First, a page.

Girl With a Pearl Earring

Written by Tracy Chevalier

233 pages

Published by Plume

Review by Paula Day

 

Congratulations to Tracy Chevalier on this fine achievement for a first novel. Inspired by Vermeer’s painting by the same name, Girl With a Pearl Earring brings the reader to 1660s Holland with thoughtful, well-spoken, and well-selected details.

Who is the girl with a pearl earring? One look into her eyes and we see her staring lovingly, even longingly, at someone, perhaps the painter Vermeer himself. The story is told from the point of view of the girl with a pearl earring, Griet, a blossoming young woman who suddenly finds herself a maid in Vermeer’s household. Chevalier does an excellent job relating the essence of Griet through her sparse yet sensuous narration. On the one hand frugal and practical, on the other hand burning with curiosity and then love for her new master, Griet is an intriguing study in the contradictions of the human spirit. At times her narration seems too distant, too detached, but the story she tells is so fascinating that we forgive her the cooling of her heart.

Fans of Vermeer will cheer as Chevalier describes his painting process in detail, from the state of his studio as he painted to his use of a camera obscura. Griet becomes the muse and the model for Vermeer as he paints Girl With a Pearl Earring. The novel also addresses, in an indirect way, the subject of art itself. What makes a painting a work of art, and who has the final say on a painting, the artist or the patron? And what demands do artists have the right to make of their models or subjects?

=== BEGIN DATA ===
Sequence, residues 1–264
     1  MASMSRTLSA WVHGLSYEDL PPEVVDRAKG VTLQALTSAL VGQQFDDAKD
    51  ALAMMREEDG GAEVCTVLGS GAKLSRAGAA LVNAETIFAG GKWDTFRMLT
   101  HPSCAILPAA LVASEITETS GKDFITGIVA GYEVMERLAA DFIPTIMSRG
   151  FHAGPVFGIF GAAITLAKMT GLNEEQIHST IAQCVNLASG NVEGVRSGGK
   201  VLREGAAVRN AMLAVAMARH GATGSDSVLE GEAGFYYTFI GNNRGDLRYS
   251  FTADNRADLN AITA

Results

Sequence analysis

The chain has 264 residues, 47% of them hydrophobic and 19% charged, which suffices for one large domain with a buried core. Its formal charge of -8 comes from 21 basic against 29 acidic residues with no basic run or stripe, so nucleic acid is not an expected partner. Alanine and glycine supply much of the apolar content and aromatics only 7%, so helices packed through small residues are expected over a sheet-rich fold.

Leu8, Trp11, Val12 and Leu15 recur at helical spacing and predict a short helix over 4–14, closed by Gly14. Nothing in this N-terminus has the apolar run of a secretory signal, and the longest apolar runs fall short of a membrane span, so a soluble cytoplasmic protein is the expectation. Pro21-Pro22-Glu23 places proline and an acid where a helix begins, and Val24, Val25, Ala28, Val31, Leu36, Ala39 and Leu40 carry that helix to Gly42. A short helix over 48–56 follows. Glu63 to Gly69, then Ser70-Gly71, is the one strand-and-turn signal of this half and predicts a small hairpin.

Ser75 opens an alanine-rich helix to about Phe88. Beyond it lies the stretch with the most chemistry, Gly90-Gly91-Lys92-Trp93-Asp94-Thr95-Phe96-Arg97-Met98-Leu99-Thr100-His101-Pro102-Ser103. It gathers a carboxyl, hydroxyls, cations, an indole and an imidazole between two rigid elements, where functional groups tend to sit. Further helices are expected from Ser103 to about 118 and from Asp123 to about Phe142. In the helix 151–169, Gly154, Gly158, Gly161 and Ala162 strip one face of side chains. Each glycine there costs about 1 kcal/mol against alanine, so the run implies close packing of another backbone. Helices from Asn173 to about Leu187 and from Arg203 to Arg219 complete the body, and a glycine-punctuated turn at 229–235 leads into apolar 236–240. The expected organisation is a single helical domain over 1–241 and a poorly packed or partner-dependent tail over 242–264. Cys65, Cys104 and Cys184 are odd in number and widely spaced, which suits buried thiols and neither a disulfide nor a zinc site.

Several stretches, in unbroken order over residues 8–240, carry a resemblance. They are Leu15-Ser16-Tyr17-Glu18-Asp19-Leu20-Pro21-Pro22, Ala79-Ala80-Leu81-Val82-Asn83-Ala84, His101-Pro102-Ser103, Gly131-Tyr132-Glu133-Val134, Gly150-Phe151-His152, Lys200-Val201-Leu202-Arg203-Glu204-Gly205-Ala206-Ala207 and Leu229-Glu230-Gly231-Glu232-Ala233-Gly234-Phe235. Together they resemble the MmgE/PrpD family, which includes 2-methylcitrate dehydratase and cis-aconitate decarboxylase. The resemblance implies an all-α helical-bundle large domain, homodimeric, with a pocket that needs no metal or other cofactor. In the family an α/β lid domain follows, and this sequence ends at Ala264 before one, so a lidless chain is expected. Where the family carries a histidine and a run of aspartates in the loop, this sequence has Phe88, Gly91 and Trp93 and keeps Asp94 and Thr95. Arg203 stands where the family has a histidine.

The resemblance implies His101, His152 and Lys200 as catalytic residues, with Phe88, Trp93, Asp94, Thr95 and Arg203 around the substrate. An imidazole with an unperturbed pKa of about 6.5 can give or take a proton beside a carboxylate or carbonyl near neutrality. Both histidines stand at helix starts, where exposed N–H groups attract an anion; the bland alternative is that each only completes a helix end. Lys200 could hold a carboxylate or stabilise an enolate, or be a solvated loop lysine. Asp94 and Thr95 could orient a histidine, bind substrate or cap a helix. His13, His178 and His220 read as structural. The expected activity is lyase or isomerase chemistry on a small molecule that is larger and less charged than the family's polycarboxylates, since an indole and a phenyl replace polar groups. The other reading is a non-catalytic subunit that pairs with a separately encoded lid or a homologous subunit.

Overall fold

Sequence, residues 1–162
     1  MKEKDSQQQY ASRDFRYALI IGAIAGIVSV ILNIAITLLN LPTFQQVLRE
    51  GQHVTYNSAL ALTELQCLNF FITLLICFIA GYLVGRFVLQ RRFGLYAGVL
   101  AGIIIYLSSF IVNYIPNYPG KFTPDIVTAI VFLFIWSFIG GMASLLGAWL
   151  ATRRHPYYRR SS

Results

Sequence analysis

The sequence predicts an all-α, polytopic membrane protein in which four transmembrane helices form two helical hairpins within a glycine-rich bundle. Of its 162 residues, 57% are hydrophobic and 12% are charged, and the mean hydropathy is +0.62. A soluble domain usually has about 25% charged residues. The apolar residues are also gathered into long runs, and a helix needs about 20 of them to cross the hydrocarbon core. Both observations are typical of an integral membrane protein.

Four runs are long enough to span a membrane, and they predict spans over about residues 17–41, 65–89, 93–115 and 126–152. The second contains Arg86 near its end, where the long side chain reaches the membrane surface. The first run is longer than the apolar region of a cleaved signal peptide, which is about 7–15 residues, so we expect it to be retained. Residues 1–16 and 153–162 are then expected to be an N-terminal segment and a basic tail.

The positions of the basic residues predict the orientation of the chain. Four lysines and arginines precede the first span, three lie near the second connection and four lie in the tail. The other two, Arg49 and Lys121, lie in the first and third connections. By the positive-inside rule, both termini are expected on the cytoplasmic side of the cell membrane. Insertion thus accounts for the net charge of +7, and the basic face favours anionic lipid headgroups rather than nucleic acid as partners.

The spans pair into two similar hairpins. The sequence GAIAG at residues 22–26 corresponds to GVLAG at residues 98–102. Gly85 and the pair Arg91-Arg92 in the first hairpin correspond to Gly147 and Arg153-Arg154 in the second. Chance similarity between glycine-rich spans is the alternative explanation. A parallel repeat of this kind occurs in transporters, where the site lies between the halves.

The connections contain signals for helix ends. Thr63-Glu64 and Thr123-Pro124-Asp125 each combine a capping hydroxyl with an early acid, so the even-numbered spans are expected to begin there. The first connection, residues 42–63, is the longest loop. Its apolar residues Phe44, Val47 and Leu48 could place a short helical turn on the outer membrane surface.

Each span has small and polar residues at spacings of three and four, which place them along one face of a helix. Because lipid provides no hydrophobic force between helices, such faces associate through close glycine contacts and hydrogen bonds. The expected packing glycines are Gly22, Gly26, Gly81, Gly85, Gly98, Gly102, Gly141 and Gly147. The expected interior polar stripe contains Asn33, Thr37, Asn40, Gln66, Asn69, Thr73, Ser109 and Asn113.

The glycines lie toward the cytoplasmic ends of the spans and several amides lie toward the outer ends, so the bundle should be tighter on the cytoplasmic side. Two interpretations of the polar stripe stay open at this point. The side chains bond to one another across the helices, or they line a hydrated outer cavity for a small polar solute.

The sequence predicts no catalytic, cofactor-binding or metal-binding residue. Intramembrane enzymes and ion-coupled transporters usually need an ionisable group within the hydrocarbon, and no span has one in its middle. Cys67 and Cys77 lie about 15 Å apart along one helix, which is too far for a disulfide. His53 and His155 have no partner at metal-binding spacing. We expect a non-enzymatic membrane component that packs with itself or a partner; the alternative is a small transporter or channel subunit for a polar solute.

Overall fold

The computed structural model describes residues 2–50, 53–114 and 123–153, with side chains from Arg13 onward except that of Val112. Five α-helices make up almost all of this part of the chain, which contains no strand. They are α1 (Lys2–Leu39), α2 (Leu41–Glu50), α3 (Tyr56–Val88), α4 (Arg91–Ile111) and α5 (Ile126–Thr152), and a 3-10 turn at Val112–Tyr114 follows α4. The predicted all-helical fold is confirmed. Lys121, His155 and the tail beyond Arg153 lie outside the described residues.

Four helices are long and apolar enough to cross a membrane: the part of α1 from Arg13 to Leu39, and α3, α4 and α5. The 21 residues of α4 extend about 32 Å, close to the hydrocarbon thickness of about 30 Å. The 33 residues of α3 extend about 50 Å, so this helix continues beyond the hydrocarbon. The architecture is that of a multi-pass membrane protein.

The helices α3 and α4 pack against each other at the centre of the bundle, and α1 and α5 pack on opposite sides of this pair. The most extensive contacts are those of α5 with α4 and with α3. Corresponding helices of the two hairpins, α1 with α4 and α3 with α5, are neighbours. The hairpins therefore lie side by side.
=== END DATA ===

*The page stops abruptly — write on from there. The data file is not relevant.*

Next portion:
Tracy Chevalier has shown Vermeer as an aloof, eccentric, but caring man, and we see his genius as an artist in action. Griet is an intelligent character who gives a strong if restrained narrative voice to a strong story. This novel is recommended for fans of Vermeer, as well as for those who love historical fiction and wish to travel to 1660s Holland.

The recent film version of the movie, starring Scarlett Johansson and Colin Firth, is an excellent adaptation of the novel. The film uses the colors and shadow that we often associate with Vermeer’s art, and in the scenes of the movie we find ourselves peeping through doors the way we do when we enter a Vermeer painting. The film is sensuous yet cautious, like the novel, and fans of the novel will be glad they saw the film.

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Paula Day is the Review Editor of The Copperfield Review and the managing editor of Copperfield Press. She lives in Los Angeles, California.

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About Copperfield

Since 2000, The Copperfield Review has been known as a leading market for historical fiction. Copperfield was named one of the top sites for new writers by Writer's Digest and it is the winner of the Books and Authors Award for Literary Excellence. We publish historical fiction as well as nonfiction, poetry, reviews, and interviews.
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